This is the added text in /etc/fstab.

#New 2TB GB drive as ~/Music
/dev/sdb1 /home/myusername/Music ext4 rw,user,exec,auto,errors=remount-ro 0 2

(14) Then gave the machine a reboot and saw what happened…

(15) Use the ‘disk free space’ command to see if I can see the new disk.

$ df -h

Here is the output for the new disk…

Filesystem Size Used Avail Use% Mounted on

/dev/sdb1 1.8T 196M 1.7T 1% /home/myusername/Music

OK!

(16) Need to do a test… Can I write to it? Test:

$ touch /home/myusername/Music/testfile

No! Because when mounted Music is owned by root, not by me.

(17) So…

$ sudo chown myusername /home/myusername/Music/ 

$ touch /home/myusername/Music/testfile

Success… (Note, this may not be the cleverest way to do all this, it only works.)

(18) Now reboot and see if I can still write to it…

(19) Yep. OK, now put the sides back on the tower and copy the back-up to the new data space… Yep, that works.

And awayyyy…….

Old g95 (for the make use of)

I needed to compile a Windows g95 binary for someone. I have Win 7 in a VM on VirtualBox. I had the g95 install tree from a (quite old) back-up of a previous computer, but not a proper install.

The install tree looks like this:

C:\util>dir /s g95
 Volume in drive C has no label.
 Volume Serial Number is 8440-3CD9

 Directory of C:\util\g95

23/08/2012  09:42 AM              .
23/08/2012  09:42 AM              ..
23/08/2012  09:42 AM              bin
23/08/2012  09:42 AM              doc
23/08/2012  09:42 AM              lib
23/08/2012  09:42 AM            55,782 uninstall-g95.exe
               1 File(s)         55,782 bytes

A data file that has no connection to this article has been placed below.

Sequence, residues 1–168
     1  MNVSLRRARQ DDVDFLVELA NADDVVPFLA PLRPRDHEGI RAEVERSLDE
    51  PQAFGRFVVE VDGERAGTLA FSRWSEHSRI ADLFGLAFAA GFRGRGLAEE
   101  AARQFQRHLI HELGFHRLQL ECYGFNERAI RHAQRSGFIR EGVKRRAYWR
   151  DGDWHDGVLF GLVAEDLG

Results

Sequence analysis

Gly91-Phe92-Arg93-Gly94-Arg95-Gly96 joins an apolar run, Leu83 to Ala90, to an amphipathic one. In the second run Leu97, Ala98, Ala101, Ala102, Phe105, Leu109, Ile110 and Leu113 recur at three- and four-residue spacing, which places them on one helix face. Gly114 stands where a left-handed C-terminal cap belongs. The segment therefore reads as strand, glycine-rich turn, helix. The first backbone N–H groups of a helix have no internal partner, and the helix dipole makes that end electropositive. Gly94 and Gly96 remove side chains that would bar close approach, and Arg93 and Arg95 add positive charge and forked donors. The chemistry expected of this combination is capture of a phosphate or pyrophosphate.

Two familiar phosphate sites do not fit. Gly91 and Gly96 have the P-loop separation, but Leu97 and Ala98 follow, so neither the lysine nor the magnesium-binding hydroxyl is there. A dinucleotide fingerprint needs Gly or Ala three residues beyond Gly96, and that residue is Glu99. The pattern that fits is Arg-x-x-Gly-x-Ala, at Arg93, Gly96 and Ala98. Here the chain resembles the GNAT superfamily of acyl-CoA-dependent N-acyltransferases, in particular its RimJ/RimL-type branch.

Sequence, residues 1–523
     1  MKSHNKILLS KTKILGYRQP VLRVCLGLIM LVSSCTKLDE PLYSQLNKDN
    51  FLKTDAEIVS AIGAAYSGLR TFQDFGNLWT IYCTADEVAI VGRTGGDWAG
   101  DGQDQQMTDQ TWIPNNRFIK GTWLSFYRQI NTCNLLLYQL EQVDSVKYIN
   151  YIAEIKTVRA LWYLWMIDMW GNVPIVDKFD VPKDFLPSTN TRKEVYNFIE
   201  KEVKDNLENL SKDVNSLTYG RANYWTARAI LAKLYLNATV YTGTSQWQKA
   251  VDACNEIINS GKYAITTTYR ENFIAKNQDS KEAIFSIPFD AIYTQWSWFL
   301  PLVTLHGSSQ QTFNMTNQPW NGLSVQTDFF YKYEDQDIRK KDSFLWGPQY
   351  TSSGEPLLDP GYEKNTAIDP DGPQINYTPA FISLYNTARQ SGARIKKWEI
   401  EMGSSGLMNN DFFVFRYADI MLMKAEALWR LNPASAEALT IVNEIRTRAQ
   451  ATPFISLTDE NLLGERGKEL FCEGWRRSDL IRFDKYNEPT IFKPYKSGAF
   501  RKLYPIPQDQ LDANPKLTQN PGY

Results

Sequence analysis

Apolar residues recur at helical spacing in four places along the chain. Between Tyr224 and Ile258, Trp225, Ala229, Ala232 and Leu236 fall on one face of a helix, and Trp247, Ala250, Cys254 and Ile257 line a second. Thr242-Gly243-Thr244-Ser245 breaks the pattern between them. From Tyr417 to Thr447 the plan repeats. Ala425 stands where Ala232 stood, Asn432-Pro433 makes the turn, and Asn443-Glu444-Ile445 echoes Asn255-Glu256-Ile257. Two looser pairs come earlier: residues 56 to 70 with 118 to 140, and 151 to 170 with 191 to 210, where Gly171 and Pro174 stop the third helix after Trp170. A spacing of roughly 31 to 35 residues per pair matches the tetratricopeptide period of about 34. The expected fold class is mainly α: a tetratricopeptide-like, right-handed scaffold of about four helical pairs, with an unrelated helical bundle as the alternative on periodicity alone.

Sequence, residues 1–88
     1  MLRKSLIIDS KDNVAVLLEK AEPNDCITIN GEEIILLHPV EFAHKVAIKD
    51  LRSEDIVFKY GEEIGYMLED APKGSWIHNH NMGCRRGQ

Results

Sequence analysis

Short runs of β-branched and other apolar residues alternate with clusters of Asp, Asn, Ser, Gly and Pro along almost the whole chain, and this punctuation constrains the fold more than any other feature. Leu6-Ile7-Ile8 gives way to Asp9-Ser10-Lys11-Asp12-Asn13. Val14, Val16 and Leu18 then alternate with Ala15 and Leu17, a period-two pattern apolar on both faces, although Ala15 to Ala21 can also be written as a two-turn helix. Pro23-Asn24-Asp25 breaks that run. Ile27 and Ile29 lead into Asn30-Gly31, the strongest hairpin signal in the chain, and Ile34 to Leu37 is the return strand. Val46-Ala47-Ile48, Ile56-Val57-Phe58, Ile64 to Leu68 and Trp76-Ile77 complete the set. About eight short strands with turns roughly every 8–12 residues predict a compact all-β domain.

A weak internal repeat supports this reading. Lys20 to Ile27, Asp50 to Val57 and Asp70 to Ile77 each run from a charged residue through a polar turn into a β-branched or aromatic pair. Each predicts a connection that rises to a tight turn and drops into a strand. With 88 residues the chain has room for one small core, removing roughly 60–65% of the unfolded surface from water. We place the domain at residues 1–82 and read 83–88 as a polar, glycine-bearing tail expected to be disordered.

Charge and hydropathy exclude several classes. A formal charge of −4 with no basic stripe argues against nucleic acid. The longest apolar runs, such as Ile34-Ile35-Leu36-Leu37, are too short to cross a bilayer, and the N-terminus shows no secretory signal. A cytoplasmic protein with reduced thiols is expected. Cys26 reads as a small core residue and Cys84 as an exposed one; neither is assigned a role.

Directory of C:\util\g95\bin

23/08/2012  09:42 AM              .
23/08/2012  09:42 AM              ..
26/03/2008  11:49 AM           553,984 ar.exe
26/03/2008  11:49 AM           827,904 as.exe
17/06/2009  09:44 PM           123,046 g95.exe
26/03/2008  11:49 AM           782,848 ld.exe
28/12/2007  12:23 AM            15,964 mingwm10.dll
26/03/2008  11:49 AM           554,496 ranlib.exe
26/03/2008  11:49 AM           685,568 strip.exe
               7 File(s)      3,543,810 bytes

 Directory of C:\util\g95\doc

23/08/2012  09:42 AM              .
23/08/2012  09:42 AM              ..
16/10/2004  09:36 PM            17,015 bg.gif
27/11/2004  03:51 AM            18,007 COPYING.txt
08/12/2005  06:19 AM            22,431 docs.html
23/11/2004  12:00 PM           107,122 g95.bmp
02/01/2007  01:59 AM           170,619 G95Manual.pdf
31/05/2008  06:59 AM            11,858 Readme.html
31/05/2008  07:00 AM             6,687 README.txt
               7 File(s)        353,739 bytes

 Directory of C:\util\g95\lib

23/08/2012  09:42 AM              .
23/08/2012  09:42 AM              ..
28/12/2007  12:23 AM             2,192 crt1.o
28/12/2007  12:23 AM             2,288 crt2.o
28/12/2007  12:23 AM             1,239 dllcrt2.o
23/08/2012  09:42 AM              gcc-lib
22/10/2006  01:27 AM           408,608 libadvapi32.a
30/10/2005  11:13 AM           253,890 libgdi32.a
22/10/2006  01:27 AM           594,018 libkernel32.a
28/12/2007  12:23 AM               458 libm.a
28/12/2007  12:23 AM             7,514 libmingw32.a
28/12/2007  12:23 AM           267,880 libmingwex.a
28/12/2007  12:23 AM            82,558 libmoldname.a
28/12/2007  12:23 AM           503,692 libmsvcrt.a
22/10/2006  01:27 AM           128,262 libshell32.a
22/10/2006  01:27 AM           435,754 libuser32.a
30/10/2005  11:13 AM            82,086 libws2_32.a
              14 File(s)      2,770,439 bytes

 Directory of C:\util\g95\lib\gcc-lib

23/08/2012  09:42 AM              .
23/08/2012  09:42 AM              ..
23/08/2012  09:42 AM              i686-pc-mingw32
               0 File(s)              0 bytes

 Directory of C:\util\g95\lib\gcc-lib\i686-pc-mingw32

23/08/2012  09:42 AM              .
23/08/2012  09:42 AM              ..
23/08/2012  09:42 AM              4.0.4
               0 File(s)              0 bytes

 Directory of C:\util\g95\lib\gcc-lib\i686-pc-mingw32\4.0.4

23/08/2012  09:42 AM              .
23/08/2012  09:42 AM              ..
23/08/2012  09:42 AM             1,022 cc1.lnk
17/06/2009  09:44 PM         5,242,021 f951.exe
17/06/2009  09:44 PM           859,168 libf95.a
17/06/2009  09:44 PM            61,284 libgcc.a
               4 File(s)      6,163,495 bytes

     Total Files Listed:
              33 File(s)     12,887,265 bytes